I was probably too young for Garbage Pail Kids. I was possibly too young for Cabbage Patch Kids too, for that matter, but had one anyway, given to me when I was 2 years old and my dumb Mom replaced me with a brand new baby. My Cabbage Patch Kid was named Maud (they came pre-named, with a birth certificate) and she had red yarn hair. My baby sister also got one, a brunette named Valerie, which I felt was unfair because she’d done nothing to deserve it besides poop and scream and steal my parents’ love.
Cabbage Patch Dolls were a huge phenomenon in the 1980s, and so too, eventually, were the little trading cards that parodied them. Topps bubblegum did Bazooka and other candy store staples. They’d paired baseball cards with bubblegum for years, and were expanding to “non-sport” cards as well. Failing to secure rights to do a legit Cabbage Patch line, they decided instead to do a “fuck you” line that would skewer these saccharine-sweet dolls.
30 Years of Garbage introduces us to the brilliant, twisted minds behind this idea that was obsessively collected by kids and doggedly censored by parents and principals. Jacques Cousteau, for some reason, cautioned parents that their Garbage Pail loving kids would inevitably end up on cocaine! I may have been too young to appreciate this stuff at the time, but I have certainly been aware of them in retrospect. These bubblegum comic artists tapped into a vein of childhood rebellion and ended up making lasting work.
I was shocked to learn that a Garbage Pail co-creator was none other than Art Spiegelman, who wrote Maus, a deeply moving graphic novel about the Holocaust (he uses cats and mice effectively – if you haven’t read it, you simply must). I shouldn’t be surprised that I’d never known the connection – his publishers worked hard to keep it that way!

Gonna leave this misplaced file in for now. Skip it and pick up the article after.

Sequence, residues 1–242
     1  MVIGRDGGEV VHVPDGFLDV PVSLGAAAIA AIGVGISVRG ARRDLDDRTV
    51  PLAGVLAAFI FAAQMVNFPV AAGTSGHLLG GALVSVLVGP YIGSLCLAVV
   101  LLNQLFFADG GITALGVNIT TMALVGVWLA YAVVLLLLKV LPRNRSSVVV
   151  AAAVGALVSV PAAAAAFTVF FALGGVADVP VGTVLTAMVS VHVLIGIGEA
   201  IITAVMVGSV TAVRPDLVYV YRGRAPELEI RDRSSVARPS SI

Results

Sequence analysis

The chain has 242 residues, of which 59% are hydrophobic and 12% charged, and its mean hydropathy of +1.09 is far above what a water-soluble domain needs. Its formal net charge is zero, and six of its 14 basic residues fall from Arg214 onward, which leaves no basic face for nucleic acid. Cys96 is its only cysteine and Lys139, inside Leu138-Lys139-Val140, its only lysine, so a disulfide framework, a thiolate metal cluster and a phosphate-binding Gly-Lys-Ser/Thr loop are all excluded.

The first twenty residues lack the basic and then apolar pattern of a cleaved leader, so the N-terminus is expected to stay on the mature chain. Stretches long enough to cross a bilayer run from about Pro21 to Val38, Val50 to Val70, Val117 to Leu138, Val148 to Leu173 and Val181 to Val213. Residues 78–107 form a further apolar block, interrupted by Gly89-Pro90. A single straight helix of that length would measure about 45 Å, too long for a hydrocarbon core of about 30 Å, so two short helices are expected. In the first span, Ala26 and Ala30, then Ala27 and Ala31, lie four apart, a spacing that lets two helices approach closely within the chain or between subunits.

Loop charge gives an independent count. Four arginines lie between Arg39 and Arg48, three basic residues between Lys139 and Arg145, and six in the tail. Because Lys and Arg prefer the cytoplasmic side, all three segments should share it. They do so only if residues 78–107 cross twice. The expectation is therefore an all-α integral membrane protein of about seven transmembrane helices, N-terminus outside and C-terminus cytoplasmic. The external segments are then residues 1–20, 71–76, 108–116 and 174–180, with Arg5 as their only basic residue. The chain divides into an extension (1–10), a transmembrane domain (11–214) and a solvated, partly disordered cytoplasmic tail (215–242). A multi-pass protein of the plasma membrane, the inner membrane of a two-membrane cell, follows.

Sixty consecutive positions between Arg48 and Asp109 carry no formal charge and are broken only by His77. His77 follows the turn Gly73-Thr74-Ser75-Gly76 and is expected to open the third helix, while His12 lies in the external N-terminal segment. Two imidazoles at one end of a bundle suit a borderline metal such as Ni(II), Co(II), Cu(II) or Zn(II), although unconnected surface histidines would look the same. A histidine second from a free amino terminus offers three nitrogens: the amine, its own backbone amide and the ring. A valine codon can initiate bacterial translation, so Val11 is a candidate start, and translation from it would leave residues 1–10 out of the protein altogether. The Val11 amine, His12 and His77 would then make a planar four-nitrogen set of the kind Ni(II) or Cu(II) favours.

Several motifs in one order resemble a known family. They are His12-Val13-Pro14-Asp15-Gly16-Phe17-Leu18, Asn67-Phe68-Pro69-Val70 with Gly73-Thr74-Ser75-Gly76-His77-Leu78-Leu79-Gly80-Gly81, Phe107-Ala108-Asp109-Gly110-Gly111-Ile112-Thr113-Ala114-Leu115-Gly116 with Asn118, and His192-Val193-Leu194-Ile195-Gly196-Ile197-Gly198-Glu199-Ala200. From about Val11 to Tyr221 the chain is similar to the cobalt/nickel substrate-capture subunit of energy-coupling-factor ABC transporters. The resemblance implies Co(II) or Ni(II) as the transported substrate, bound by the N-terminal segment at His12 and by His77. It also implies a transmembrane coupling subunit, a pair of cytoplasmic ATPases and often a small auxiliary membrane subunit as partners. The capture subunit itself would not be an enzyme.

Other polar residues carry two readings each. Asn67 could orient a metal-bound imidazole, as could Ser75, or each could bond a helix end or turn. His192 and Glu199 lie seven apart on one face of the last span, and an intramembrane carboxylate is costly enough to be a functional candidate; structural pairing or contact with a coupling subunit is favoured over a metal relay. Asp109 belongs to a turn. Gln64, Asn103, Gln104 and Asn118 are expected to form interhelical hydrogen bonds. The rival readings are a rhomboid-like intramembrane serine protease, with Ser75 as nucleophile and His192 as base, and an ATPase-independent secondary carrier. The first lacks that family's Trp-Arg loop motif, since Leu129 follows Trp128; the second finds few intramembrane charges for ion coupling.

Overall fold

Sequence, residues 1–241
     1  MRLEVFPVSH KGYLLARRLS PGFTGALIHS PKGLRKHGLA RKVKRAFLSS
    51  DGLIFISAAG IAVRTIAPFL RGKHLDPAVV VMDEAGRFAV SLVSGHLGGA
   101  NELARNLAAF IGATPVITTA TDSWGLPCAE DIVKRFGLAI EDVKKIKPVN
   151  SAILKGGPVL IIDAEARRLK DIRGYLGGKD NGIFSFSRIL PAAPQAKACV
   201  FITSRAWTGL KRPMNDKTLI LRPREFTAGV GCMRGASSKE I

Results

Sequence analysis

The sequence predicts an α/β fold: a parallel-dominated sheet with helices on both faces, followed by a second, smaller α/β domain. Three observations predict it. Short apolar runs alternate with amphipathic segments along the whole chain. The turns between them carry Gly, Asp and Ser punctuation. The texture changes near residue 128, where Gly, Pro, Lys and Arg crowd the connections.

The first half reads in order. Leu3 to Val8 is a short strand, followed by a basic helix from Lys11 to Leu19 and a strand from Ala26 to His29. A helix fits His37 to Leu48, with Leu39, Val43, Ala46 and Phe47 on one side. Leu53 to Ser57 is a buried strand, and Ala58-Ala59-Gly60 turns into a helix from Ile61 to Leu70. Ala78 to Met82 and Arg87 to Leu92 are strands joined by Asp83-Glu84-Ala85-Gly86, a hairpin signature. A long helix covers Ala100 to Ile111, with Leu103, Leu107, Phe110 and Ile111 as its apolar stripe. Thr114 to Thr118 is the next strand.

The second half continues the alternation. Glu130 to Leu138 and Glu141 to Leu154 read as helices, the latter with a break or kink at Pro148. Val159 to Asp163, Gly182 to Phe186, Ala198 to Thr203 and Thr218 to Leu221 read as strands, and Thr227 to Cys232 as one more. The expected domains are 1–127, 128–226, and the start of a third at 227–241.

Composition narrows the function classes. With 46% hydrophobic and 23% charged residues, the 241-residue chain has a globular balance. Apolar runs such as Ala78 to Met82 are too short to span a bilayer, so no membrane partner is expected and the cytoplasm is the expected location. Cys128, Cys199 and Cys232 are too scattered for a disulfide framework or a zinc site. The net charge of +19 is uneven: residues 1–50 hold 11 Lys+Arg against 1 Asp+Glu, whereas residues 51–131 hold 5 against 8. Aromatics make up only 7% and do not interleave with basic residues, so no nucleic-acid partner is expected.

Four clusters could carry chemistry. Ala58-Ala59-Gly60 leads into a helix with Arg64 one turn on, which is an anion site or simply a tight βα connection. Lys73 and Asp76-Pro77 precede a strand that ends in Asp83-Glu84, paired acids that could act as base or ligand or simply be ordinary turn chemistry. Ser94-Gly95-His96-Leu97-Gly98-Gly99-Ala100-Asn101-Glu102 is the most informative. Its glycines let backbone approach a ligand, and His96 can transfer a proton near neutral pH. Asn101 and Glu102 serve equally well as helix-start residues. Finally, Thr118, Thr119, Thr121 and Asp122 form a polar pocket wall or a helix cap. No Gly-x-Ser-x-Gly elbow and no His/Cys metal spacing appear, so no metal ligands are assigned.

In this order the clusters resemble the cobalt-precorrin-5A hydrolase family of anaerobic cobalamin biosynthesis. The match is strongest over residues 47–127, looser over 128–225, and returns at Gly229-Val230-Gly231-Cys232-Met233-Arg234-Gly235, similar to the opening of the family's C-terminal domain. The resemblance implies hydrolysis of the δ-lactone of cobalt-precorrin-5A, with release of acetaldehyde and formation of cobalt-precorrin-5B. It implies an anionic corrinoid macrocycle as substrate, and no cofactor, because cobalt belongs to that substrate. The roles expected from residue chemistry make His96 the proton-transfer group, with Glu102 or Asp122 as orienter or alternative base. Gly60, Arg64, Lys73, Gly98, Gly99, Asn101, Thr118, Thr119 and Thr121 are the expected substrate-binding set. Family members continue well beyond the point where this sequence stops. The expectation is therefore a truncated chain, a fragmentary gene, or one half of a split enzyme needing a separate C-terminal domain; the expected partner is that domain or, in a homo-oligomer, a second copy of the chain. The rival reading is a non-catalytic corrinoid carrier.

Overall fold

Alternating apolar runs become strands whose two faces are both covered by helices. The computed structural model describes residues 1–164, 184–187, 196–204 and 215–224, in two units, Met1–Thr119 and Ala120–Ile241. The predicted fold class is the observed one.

30 Years of Garbage provides equal doses nostalgia and insight. You don’t need to love
the product to find this documentary compelling: who got screwed, who got sued, who won the war between the First Amendment, and Product Disparagement?
But it’s also interesting because I see this fad repeating itself. My little nephew Brady is into something called Shopkins, which as far as I can tell, is a really stupid “toy”. It’s a tiny rubber thing, shaped like some grocery store item, about the size of a pencil eraser. He’s got a bag of rice, and a bag of flour that looks almost identical to the bag of rice. How these are fun toys I have no idea. We usually pile them on Lightning McQueen and race. But Brady’s own counter culture is already budding at 5 years old: Shopkins are parodied by the Grossery Gang, the same basic shitty toy, but disgusting (ie, mouldy cheese). I don’t get it, but adults aren’t meant to. It’s kind of cool that he’s got his own little act of rebellion, but if you’re in the mood for some throwback rebellion, here’s a hint: the Garbage Pail Kids are back.
30 Years of Garbage is playing at the Toronto Jewish Film Festival this Sunday, May 7th, 5:30pm at Innis Town Hall.